I come from a family of teachers and have been an unofficial teacher myself in many ways, including a spell of homeschooling my own children. Now I find myself to be an unschooling parent but if you were a teacher and I was at your side before the kids enter the room this would happen.
Firstly I would say how much I admire what you do.
Secondly I would make you a cup of coffee or tea and if I had biscuits I would offer you one.
Thirdly I would tell you that we do things differently and here is how.
Our children self direct their learning. We support from the sides as gently as possible. We have no classroom, there are no uniforms, there are no tests, there is no curriculum, there is no homework. There is no work, actually, unless they choose to define what they are doing as work. There is a lot of playing. Our kids are fifteen year old twin girls, and a boy that is twelve. They define their day.
I would then ask you if you would like another cup of tea or coffee and then I may say that I am finding this situation a little awkward. Telling you about how our kids learn is contrary to everything I ever learnt at school, I might say that, or I might not. I might ask you if you want to ask me something? I might jump forwards in the conversation and tell you what our kids can do, as a sneaking feeling of insecurity may sweep over me. Or else I would read from your face that you can see that I am fine with the fact that our kids are learning at their own pace. I would tell you that our kids learn a lot through Minecraft, I would tell you that our home is so noisy that occasionally I have to go into another room to have a bit of silence, I may tell you that our kids cook a lot and sing loudly and they laugh a lot. I would say when they choose a project they run them, that learning happens in waves. That sometimes you wouldn’t know what they were learning and that I was just fine with that.
I would tell you that I thought that education was changing so very fast that I was confused that schools were, as Ken Robinson states designed for a time that no longer exists. I would most likely say that I do not believe that learning is linear at all and that kids learn when they have fun and are passionate about a subject and that a lot of children I know do their best learning when moving. Then I would wonder what you thought about that. Then I might say if unschooling was an island floating out there on a sea of knowledge then, was schooling an island too just a larger more established one? Then I would wonder if you or I could imagine a bridge between these two islands or whether unschooling and schooling are simply too far from each other to ever connect up.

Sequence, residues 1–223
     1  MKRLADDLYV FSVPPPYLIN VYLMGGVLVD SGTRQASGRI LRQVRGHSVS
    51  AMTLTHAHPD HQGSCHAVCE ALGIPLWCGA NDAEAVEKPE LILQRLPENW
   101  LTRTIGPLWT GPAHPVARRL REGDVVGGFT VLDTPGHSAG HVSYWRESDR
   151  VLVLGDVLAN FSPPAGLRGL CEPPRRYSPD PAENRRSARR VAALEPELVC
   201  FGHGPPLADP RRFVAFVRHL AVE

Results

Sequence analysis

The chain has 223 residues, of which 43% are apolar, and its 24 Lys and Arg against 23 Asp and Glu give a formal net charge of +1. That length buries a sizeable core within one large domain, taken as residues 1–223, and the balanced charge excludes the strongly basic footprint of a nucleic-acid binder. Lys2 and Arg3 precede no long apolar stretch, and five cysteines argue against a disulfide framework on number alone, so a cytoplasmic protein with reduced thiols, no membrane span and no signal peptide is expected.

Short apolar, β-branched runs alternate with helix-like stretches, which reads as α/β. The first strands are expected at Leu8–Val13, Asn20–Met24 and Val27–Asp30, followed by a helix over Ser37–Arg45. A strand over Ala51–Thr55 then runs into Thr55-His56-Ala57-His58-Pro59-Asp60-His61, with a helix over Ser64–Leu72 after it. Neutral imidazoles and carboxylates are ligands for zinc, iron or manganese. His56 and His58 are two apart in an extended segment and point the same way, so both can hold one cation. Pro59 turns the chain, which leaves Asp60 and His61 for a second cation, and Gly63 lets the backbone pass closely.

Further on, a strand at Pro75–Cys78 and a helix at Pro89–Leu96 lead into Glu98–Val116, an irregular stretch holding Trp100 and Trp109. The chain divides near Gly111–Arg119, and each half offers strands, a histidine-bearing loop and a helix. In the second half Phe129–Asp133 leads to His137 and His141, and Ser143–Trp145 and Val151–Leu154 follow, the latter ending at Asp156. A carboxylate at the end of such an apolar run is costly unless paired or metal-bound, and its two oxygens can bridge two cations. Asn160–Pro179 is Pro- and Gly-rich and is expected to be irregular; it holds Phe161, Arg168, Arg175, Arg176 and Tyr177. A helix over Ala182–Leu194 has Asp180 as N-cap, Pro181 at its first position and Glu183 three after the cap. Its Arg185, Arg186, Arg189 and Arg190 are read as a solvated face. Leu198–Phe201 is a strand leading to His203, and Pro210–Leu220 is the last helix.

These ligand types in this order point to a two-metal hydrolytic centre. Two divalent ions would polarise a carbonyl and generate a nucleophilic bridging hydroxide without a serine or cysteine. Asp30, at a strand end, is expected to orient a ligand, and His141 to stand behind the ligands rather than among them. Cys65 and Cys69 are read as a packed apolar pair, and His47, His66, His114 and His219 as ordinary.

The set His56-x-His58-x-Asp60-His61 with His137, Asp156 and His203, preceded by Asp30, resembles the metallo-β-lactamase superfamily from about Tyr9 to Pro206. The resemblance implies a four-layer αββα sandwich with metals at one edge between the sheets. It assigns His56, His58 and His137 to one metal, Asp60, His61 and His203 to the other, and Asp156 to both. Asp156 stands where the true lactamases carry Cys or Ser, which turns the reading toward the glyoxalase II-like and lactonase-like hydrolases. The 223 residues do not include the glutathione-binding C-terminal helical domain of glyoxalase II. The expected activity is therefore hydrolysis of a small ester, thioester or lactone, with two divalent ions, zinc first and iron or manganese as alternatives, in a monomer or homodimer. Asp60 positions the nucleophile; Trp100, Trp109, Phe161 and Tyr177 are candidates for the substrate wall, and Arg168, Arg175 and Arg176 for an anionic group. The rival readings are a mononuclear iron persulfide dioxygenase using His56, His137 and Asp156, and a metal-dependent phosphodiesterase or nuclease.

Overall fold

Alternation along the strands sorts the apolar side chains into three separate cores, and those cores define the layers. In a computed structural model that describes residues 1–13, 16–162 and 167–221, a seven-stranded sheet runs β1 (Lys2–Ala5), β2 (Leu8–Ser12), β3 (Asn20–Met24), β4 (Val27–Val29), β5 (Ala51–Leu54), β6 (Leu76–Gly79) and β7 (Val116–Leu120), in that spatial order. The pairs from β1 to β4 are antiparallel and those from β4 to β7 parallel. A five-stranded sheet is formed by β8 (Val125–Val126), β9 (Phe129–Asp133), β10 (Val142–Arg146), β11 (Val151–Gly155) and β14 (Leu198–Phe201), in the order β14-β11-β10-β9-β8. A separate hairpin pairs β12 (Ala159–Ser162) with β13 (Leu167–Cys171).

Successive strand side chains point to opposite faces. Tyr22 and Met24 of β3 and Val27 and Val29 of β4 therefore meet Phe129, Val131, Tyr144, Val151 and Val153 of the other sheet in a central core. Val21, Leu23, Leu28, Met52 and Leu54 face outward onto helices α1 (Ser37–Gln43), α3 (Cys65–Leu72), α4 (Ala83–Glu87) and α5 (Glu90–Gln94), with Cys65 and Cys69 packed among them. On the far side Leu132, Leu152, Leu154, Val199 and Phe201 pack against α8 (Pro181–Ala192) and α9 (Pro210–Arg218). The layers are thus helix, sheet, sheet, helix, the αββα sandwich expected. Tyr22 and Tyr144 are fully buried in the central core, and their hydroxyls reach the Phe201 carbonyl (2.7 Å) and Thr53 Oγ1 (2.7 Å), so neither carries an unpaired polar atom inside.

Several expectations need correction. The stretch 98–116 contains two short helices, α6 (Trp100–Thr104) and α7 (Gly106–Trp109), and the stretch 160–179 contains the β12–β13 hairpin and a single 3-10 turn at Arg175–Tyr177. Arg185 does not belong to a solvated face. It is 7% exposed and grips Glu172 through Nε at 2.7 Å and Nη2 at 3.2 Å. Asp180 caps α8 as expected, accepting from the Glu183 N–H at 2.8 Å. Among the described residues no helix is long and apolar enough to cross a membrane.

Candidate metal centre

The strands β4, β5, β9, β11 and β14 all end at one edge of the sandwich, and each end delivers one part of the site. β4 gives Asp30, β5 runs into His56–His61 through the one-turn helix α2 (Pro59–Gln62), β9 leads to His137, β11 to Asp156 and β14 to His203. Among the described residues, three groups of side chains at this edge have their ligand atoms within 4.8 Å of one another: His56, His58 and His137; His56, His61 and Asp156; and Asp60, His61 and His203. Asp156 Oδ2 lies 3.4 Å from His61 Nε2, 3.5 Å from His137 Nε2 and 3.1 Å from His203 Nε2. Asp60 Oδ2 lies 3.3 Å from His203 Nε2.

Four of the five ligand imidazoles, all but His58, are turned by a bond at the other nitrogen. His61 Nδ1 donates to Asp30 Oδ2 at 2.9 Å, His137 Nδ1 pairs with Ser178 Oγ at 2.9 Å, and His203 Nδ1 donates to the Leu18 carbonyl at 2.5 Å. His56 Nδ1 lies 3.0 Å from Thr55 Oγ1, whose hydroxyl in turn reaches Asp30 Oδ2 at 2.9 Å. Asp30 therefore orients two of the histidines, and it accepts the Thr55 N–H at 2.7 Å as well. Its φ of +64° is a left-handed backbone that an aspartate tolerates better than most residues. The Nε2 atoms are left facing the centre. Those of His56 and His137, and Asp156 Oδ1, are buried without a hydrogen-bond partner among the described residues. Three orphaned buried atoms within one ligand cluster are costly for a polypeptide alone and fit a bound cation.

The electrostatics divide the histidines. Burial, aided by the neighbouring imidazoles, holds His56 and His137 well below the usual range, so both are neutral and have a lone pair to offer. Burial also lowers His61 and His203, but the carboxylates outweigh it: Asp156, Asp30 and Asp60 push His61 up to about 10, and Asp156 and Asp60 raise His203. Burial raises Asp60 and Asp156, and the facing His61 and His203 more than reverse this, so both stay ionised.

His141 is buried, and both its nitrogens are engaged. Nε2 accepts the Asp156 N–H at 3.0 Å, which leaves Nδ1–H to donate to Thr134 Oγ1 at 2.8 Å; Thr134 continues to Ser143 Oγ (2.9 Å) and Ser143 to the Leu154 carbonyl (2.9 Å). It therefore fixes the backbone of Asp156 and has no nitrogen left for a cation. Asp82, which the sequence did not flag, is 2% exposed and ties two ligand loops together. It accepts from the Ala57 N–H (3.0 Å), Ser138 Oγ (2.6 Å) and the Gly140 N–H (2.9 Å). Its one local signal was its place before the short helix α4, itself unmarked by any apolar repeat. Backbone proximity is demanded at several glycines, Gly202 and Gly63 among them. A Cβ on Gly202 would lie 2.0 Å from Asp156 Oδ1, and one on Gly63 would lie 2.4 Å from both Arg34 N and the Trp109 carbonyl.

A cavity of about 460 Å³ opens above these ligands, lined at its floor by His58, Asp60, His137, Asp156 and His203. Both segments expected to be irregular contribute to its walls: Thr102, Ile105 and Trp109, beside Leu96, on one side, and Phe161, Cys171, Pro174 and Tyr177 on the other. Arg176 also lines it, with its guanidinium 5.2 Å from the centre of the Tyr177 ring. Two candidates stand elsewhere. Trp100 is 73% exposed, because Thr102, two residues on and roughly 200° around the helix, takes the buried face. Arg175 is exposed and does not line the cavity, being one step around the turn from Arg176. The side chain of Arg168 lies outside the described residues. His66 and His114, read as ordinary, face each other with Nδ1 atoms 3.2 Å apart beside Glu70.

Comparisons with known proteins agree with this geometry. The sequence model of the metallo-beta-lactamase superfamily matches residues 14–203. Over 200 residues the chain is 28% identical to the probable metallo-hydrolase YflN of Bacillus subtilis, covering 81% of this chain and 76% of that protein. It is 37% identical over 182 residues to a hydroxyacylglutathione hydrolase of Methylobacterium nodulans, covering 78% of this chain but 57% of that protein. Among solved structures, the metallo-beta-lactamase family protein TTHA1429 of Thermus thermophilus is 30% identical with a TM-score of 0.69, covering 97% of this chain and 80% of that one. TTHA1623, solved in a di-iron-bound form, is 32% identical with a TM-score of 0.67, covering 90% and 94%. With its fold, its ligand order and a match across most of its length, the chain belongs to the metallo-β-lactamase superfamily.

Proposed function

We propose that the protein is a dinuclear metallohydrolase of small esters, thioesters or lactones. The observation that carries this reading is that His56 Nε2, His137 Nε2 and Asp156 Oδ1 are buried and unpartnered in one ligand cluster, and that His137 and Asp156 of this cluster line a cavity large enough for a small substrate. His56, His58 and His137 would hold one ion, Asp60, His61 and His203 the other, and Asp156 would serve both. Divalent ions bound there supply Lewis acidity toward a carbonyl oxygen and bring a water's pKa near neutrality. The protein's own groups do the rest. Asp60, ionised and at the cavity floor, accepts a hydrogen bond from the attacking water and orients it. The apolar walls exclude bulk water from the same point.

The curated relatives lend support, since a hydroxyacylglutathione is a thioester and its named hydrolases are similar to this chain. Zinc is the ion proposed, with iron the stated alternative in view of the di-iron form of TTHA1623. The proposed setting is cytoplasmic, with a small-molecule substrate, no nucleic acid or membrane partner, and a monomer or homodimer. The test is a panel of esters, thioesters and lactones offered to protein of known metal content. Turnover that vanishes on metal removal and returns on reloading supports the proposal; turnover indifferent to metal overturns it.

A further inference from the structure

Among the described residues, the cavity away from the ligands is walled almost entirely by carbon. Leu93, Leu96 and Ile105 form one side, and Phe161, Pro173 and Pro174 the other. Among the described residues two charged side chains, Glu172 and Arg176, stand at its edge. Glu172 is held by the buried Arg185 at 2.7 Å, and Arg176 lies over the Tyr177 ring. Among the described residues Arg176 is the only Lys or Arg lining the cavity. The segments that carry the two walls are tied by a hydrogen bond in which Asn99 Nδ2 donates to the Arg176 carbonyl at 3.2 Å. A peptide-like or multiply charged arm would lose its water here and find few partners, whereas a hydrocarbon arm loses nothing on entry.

I may see someones rucksack that has been left behind and ask you if you were aware how much Disney are infiltrating our children’s brains through constant bombardment of images. I would tell you that my husband writes about this beautifully in this book, look on page 31.
I would look at the clock on the wall and become aware of the time, I would notice a flicker of something cross your face and I would know that the children were about to enter the room. That the school day was about to start and that parents were rushing to get on with their days, the children were gathering, from all over to meet in this building and that you, dear teacher were about to start your day.
Once again I would say how amazing I think that you are to be able to hold a classroom of so many different types of children with varying needs and dreams and I would wonder what you really thought of the current schooling system. I would also be curious to know if you would like to know more about unschooling? Then, as the kids rushed past me I would see if I could instinctively gauge what each child was feeling in that moment. I would then go back to my house where the children are loud and doing their own thing and I would wonder if the whispers of unschooling and autonomy could soften the edges of learning? And if so could I, teacher, meet you again, same time next week and then I will tell you all about how we do it.
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Thank you Photo by Kat Jayne from Pexels
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